Every moment is exciting to him. He greets each new activity with an astonishing burst of enthusiasm.

He’s always alert. Always on the lookout. Interested in everything. Curiously examining the littlest motion.

His spirit of play is inexhaustible. Everything is a game. Putting on my shoes, making the bed, turning the page of the newspaper (one of his favorites).  Just give him a paper towel and stand back. He will turn shredding it into an Olympic event.

He’s the easiest being in the world to make happy. He starts to purr when he sees me coming. Rub the top of his head, he closes his eyes in ecstasy.  Bury your face in his soft fur and the purr turns into a deep rumble. Invite him to sit on your lap, his sudden look of joy will flood your heart.

He’s an unwitting entertainer. I’m sure he has no particular desire to be funny, but his playful antics are laugh-out-loud comedy skits. A professional couldn’t get this many laughs. He goes upside down into pillows with his hind legs pedaling in the air, creates a one-man soccer game the length of the house with anything smaller than a tennis ball, gleefully attacks the broom … well, truth be told, he gleefully attacks anything that moves (and many unmoving things too).

Having a being this alive, this joyous, this engaged, this loving, this small, this soft, this fluffy, turns the ordinary into extraordinary.  He fills this little world full with laughter and love.

May your world too be filled with laughter and love.



How to grant yourself true freedom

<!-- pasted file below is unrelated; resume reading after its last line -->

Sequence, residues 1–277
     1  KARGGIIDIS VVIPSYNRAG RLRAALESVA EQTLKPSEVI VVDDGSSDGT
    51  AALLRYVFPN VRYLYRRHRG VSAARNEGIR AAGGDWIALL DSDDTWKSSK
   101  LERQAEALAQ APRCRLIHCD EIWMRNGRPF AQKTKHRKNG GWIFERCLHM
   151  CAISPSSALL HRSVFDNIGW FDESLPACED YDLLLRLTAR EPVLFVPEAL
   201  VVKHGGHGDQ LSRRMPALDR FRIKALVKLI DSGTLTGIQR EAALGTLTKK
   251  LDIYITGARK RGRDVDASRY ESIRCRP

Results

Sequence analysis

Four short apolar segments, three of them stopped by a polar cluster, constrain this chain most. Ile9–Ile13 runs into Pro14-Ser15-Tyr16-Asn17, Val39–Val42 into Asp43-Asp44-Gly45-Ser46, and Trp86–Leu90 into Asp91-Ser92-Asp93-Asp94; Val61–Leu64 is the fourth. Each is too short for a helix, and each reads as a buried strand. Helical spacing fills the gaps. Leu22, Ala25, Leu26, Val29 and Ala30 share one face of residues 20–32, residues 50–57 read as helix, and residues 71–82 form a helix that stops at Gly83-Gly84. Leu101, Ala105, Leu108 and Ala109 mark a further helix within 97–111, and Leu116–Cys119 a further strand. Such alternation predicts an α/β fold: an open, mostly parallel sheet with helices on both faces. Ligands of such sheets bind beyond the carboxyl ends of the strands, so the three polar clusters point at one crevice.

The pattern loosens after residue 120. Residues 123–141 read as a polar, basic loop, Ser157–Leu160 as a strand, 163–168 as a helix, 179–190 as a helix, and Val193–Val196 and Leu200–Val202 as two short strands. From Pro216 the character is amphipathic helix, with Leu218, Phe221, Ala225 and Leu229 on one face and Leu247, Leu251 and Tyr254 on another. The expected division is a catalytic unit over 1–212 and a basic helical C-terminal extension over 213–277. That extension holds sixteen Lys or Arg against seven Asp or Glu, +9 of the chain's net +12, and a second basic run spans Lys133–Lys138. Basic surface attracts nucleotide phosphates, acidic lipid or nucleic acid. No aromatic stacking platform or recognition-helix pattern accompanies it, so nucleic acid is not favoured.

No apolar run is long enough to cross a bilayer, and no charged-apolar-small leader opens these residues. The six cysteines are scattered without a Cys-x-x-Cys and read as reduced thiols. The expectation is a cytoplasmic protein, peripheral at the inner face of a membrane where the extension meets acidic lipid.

Signing Declaration_of_Independence_(1819),_by_John_Trumbull

In Philadelphia 243 years ago, 51 men stood in line to sign their names on a bold document intended to change the course of human history. It was an act that could easily have cost them their lives.

The final sentence in the Declaration of Independence, the one right above all their signatures, ended with: … we mutually pledge to each other our lives, our fortunes and our sacred honor.”

They didn’t consider their lives sacred, nor their fortunes.  But their honor was, and that compelled them to openly communicate their beliefs, to clearly state where they stood, regardless of the tremendous risk to their lives.

William Ellery of Rhode Island, recognizing the tremendous significance of the moment, positioned himself so he could observe their faces as they signed. He described their expressions unanimous in “undaunted resolution.”

As a result, tomorrow we celebrate one of the most important holidays here in the United States.  July 4th is a tribute to the courage these men had on that day, to their sense of sacred honor which threw the doors open to democracy and the freedoms that form the very core of our country.

What is honor?

It is integrity in our beliefs and actions.

Honor almost always requires communication, necessitates our speaking up to bring it fully into being.

We may not have one big moment in our lives that requires us to “risk it all” for our honor. But we have many important moments that do require courage and resolution.  It’s the seemingly small, daily tests of our truths and dignity that either chip away at our honor or keep it sacred and build it up to powerful self-respect.

In these moments, it’s our decision to step forth and communicate what we observe, where we stand, what is true for us, that enables us to live lives of true freedom.

My wish for you is the ability to communicate as these men did, without fear or restraint, to communicate powerfully and successfully in a way that sets you free in your vigorous pursuit of life, liberty and happiness.

Happy July 4th!



Meet my greatest public speaking coach

Ingrid and Tetukas

My love for my father is deeper than the ocean.  I remember when he decided to retire as a VP of an international insurance company where he was responsible for handling the major claims which ended up in lavishly expensive court trials. He had made insurance law his specialty.

He called me from Philadelphia to say they’d asked him to give some talks to attorneys in major cities around the country before he retired.  He was coming to San Francisco and wanted to have dinner with me.